Power of the Team
I believe in the power of teams. When a multi-disciplinary group of colleagues come together and challenge each other’s ideas, they talk through the possibilities and find better solutions. Everyone’s input is valued. Everyone feels heard, and everyone makes a meaningful contribution to the result. Throughout the COVID-19 pandemic, U of U Health has proven its ability to work together to do what is best for our patients, our team members, and the community.
As a leader, I will never ask others to do things that I am not willing to do. I will work hard and get my hands dirty. I respect and trust my teams and colleagues. I strive to be intentional about who we hire. More often than not, I’m lucky enough to hire people smarter than I am who contribute to diverse thinking. The group of quality consultants I joined initially is now comprised of 50 percent non-clinician and 50 percent clinician employees. This diversity is helping us take exciting steps forward as an organization.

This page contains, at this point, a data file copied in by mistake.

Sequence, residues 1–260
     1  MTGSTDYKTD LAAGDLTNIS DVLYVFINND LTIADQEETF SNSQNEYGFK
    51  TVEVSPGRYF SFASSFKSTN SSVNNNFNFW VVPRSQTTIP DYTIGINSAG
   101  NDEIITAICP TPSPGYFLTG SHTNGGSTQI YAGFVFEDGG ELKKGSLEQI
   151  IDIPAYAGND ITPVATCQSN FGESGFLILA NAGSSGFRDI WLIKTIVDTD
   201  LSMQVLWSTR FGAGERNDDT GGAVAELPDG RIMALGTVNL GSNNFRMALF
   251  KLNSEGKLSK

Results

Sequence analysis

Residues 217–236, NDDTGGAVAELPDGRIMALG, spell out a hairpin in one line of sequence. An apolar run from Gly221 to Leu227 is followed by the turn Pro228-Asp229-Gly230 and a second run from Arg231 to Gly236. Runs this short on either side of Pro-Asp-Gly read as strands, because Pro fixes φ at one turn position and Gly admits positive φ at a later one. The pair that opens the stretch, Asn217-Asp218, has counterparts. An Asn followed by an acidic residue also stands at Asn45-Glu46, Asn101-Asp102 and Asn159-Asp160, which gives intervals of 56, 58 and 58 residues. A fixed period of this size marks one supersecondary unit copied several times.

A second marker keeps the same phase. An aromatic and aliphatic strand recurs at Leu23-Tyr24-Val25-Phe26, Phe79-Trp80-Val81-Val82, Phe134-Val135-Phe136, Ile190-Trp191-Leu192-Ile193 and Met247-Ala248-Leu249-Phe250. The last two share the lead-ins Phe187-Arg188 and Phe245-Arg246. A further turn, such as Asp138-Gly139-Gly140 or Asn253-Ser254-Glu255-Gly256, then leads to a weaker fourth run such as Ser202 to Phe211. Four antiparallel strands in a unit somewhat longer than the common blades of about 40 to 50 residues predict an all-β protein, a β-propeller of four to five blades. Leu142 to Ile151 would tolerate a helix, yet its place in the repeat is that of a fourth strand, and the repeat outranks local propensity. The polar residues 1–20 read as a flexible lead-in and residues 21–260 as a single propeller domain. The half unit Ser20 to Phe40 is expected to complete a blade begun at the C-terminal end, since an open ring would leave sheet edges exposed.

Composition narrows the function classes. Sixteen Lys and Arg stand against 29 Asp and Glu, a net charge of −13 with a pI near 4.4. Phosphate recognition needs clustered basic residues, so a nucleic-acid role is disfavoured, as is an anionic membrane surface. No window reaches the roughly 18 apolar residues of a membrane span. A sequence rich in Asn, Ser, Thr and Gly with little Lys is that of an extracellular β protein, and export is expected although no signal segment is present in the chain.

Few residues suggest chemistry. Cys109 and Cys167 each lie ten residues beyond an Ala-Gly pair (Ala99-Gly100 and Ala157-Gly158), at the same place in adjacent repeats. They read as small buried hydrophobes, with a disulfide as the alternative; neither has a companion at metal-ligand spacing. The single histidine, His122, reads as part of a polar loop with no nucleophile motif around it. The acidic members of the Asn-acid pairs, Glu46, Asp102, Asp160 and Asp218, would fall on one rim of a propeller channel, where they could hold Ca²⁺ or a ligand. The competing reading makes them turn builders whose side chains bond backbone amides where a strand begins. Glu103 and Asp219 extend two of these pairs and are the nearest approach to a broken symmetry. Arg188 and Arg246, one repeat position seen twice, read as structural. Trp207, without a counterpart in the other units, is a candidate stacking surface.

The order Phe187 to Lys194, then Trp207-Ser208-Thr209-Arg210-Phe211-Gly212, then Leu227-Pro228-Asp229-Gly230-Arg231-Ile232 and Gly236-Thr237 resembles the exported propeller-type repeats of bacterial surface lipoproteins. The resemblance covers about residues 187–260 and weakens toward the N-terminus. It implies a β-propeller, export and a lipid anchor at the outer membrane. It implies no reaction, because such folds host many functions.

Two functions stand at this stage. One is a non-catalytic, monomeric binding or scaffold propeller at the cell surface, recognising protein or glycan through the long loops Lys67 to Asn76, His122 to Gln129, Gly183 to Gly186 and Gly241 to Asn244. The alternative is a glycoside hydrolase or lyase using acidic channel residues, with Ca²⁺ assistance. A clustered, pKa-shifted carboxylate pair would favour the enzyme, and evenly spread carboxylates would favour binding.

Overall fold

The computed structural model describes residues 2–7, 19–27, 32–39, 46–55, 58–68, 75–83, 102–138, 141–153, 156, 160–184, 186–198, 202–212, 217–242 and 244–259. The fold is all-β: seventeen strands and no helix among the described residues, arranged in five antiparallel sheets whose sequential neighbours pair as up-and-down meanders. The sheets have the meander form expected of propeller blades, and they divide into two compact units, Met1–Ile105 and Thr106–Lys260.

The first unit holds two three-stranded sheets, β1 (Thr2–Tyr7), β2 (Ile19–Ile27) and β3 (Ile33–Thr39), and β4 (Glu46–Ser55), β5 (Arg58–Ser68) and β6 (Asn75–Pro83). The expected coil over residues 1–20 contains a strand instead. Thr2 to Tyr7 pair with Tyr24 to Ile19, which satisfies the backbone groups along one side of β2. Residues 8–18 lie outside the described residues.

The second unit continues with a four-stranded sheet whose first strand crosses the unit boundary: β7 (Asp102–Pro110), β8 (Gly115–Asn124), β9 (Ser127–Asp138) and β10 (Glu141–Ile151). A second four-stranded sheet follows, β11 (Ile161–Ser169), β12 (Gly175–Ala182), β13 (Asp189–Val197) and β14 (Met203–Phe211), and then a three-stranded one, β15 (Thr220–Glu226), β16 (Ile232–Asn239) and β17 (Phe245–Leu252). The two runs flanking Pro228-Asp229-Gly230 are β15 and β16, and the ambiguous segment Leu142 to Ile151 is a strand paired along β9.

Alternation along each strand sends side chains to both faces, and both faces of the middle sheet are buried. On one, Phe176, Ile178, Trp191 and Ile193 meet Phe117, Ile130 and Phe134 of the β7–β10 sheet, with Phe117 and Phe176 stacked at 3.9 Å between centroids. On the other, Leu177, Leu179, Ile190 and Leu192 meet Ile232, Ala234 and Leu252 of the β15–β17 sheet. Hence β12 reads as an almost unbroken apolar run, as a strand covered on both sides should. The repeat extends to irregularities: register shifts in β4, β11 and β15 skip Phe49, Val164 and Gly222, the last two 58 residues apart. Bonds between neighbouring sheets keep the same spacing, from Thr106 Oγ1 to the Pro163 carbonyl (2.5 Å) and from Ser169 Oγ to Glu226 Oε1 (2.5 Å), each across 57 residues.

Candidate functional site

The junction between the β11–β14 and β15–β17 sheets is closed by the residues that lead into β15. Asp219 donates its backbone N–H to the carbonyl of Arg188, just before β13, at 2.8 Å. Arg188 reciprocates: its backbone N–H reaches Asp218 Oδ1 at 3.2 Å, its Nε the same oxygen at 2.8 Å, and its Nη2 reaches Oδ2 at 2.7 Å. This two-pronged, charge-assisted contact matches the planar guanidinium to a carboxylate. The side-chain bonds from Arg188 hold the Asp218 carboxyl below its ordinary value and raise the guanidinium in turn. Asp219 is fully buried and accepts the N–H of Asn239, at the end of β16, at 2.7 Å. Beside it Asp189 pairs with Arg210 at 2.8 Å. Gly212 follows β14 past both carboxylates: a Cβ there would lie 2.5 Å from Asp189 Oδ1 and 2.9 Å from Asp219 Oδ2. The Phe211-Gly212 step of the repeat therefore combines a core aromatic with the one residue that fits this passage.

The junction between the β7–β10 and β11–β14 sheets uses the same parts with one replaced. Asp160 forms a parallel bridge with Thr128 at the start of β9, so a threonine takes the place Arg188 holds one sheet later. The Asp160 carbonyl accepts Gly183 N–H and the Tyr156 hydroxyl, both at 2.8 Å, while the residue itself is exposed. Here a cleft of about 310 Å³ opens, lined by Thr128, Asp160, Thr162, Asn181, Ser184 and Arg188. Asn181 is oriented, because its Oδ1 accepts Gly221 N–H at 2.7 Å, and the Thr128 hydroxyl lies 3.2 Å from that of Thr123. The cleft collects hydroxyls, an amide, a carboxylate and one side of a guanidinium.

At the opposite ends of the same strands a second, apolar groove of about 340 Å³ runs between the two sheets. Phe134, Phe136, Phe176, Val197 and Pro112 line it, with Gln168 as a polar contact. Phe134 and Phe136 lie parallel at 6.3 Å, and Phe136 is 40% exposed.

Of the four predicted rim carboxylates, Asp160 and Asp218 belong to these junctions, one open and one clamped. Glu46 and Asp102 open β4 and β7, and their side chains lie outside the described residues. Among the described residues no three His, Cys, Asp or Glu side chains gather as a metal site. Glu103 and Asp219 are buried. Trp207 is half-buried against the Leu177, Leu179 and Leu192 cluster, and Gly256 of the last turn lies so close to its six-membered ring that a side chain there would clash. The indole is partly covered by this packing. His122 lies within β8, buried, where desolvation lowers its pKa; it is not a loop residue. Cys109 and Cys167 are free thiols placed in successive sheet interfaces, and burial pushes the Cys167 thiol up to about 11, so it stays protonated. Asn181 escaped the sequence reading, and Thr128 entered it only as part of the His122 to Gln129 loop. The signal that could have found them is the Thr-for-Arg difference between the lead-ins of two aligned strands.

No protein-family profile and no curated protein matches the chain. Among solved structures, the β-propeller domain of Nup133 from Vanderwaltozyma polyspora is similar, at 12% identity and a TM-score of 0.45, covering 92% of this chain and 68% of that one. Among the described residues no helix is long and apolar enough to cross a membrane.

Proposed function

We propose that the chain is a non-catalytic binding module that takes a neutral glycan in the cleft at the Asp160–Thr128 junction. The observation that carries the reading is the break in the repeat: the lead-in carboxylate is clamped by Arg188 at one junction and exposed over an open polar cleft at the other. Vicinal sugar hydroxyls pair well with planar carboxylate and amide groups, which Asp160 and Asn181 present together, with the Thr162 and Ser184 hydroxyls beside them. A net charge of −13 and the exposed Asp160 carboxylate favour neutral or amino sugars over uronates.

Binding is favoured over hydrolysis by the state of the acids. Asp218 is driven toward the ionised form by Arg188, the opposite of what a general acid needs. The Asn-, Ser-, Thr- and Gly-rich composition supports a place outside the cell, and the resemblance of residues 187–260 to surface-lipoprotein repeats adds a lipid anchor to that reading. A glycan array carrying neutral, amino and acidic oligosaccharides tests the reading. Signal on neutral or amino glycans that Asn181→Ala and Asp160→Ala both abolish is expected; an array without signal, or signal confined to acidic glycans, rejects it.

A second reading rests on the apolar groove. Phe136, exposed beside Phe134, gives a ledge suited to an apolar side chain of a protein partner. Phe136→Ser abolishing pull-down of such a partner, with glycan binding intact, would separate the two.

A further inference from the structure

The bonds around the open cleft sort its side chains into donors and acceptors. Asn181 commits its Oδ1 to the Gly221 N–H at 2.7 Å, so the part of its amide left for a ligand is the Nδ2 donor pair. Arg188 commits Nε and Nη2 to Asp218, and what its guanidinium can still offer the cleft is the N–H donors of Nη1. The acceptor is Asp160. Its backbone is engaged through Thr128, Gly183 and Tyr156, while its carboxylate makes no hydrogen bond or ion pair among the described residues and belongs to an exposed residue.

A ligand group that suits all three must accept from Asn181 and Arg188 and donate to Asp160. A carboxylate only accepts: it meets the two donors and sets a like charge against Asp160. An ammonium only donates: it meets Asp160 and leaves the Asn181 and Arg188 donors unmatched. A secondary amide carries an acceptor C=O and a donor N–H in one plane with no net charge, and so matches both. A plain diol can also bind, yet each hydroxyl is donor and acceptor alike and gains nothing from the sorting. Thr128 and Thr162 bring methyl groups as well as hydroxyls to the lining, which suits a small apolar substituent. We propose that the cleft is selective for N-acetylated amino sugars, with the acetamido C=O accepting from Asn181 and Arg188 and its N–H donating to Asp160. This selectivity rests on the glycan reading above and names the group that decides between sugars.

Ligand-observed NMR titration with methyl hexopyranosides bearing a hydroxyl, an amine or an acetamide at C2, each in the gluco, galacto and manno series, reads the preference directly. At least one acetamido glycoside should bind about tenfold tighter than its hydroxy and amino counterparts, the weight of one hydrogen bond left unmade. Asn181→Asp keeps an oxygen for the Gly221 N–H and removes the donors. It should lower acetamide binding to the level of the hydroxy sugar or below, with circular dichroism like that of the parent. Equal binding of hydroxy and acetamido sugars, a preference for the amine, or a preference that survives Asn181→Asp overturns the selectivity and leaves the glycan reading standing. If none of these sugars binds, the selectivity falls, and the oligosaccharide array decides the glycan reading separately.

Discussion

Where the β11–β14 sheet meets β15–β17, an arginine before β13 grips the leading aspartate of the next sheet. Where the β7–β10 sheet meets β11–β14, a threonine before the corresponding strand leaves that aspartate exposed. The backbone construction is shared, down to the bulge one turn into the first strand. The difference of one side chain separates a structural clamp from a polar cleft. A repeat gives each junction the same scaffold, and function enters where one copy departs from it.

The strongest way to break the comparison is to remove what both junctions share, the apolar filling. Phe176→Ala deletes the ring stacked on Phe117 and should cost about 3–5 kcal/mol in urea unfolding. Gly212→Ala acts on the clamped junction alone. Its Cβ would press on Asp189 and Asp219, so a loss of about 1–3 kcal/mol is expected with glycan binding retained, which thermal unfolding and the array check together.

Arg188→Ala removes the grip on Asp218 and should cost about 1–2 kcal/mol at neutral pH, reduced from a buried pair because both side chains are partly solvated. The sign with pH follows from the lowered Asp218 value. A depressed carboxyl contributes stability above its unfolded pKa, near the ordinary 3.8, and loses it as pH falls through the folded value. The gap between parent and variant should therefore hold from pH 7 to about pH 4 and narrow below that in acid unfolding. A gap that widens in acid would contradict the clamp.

Over the years, I have watched our system evolve into a culture that celebrates successes but never becomes idle. In 2010, when we achieved our first No. 1 national ranking for quality from Vizient, we could have said, “We did it. Our work is done.” Instead, we embraced that moment as an opportunity to do even better.
For us, it has never been about chasing rankings or merit badges. It’s been about finding ways to better care for patients. Our superpower is our people: providers, researchers, trainees, and staff. They keep us focused on continual improvement and learning.
Next Evolution of Quality: Accountability for Outcomes